Houston band the Suffers performs on Jimmy Kimmel Live in March 2016.

Houston band the Suffers performs on Jimmy Kimmel Live in March 2016.

Courtesy photo

Houston-based band the Suffers didn't go looking for fame -- fame serendipitously found them.

The 10-piece funk-soul collective, which formed in 2011, began as a passion project for bassist Adam Castaneda and keyboardist Pat Kelly, who hand-picked local musicians to form something of a dream band. But because all of its members were committed to other groups, the Suffers were largely relegated to playing weddings and the occasional concert. As the band gained momentum, the artists used vacation time from their real jobs to play festivals here and there; they weren't evolving too quickly or really paying any mind to "making it big," which was totally fine.

Then The Late Show with David Letterman called.

"We thought, 'We can't just go on the David Letterman show and go home and do our jobs,'" Castaneda says. "This is the pitch coming straight down the line."

The Suffers

So in January 2015, the gaggle of musically inclined Houstonians working as teachers, NASA engineers, and product managers, among other professions, took the leap into doing music full-time. The Suffers have since achieved one of the most rapid rises to the next big thing, with scheduled appearances at some of the country's most esteemed events such as Sasquatch Music Festival, New Orleans Jazz and Heritage Festival, and Electric Forest festival this summer.

All this and the band's debut full-length album, The Suffers, just came out in February.

Curious what the buzz is about? You can see the Suffers in action at Kessler Theater Friday, April 22 and here are four reasons why you should.

The Suffers' style is infectious

Leading lady and vocal powerhouse Kam Franklin has described the Suffers' sound as "Gulf Coast Soul," a mix of funk, jazz, soul, blues, hip-hop and anything else that finds its way into Houston's musical melting pot.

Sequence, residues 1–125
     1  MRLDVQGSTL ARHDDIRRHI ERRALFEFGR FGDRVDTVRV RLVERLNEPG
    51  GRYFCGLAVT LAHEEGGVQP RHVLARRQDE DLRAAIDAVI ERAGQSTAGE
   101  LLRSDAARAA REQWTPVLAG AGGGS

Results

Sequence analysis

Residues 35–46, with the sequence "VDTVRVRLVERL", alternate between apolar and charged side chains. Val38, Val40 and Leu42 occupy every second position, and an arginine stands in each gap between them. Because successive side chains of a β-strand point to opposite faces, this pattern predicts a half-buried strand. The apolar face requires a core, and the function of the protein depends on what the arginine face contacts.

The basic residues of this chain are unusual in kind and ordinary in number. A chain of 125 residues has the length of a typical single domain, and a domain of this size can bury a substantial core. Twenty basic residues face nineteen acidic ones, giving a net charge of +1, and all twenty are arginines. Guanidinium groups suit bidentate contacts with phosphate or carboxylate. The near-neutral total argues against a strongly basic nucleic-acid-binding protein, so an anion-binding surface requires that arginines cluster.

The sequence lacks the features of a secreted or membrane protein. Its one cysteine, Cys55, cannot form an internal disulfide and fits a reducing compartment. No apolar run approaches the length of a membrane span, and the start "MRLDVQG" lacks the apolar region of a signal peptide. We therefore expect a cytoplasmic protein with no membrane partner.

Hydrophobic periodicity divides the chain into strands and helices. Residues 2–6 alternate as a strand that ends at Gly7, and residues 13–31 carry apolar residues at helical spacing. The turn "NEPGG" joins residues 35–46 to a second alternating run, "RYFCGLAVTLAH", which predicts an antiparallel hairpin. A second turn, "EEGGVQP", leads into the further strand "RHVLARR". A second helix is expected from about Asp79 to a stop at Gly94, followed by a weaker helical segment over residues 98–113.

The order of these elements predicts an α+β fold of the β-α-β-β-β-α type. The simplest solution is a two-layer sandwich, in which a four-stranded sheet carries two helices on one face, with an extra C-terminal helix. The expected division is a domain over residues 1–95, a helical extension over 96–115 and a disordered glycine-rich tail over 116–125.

"Our sound is heavily inspired by our city," Castaneda elaborates. "All those styles are soul music to us.  They may not be the traditional definition, but that's what it is to us."

A brass section featuring trumpet, trombone, and saxophone, and full-fledged percussion and rhythm sections help bring this style to life, providing a groovy, smooth and upbeat foundation upon which Franklin unleashes an avalanche of ear candy. The obvious comparisons are to other powerful females, like Brittany Howard of Alabama Shakes and the queen diva herself Aretha Franklin.

They have chemistry and cohesion

Juggling 10 different members can leave a wide margin for error, but not for the Suffers. Case in point: The band's self-titled album, which Castaneda says was recorded not part-by-part, but as a collective, all members in one room at the same time. (It was tracked at Houston’s Wire Road Studios and Austin’s ChurchHouse Studio.)

That's not exactly an industry norm, but the Suffers wouldn't have it any other way.

"Sure, that's 10 times more chances for a mistake, but there's a lot of interplay and a lot of gravity between us that probably would have been lost if we had tracked it individually in different rooms," Castaneda says. 

"That's how we practiced it, that's how we play it at a show. Why would we do it any different?"

The Suffers are David Letterman approved

Not only did the Suffers perform on The Late Show with David Letterman, but they seemingly stole the host's heart.

"If you can't do this, get out of the business, you know what I mean?" Letterman beamed after the performance, before laying a kiss on leading lady Franklin.

The Suffers have since gone on to dominate TV and radio programs, from Jimmy Kimmel Live and The Daily Show, to NPR's Tiny Desk Concert series and KEXP studio sessions.

Expect them to get bigger and better

From here, Castaneda says the band is working on a follow-up album and playing outside the country for the first time at Paris' Afropunk Fest. Their album has even hit record store shelves in Japan (though Castaneda admits he has no idea how), and so far, the Suffers have done this all independently. By this time next year, we're betting they'll have wiggled their way into many more ear holes worldwide and will be playing bigger venues. What better reason to catch them on the up and up in a space as intimate as the Kessler? Get 'em while they're hot!

Tickets to see the Suffers at Kessler Theater cost $16-$40. Local rapper Sam Lao opens the show at 8 p.m.

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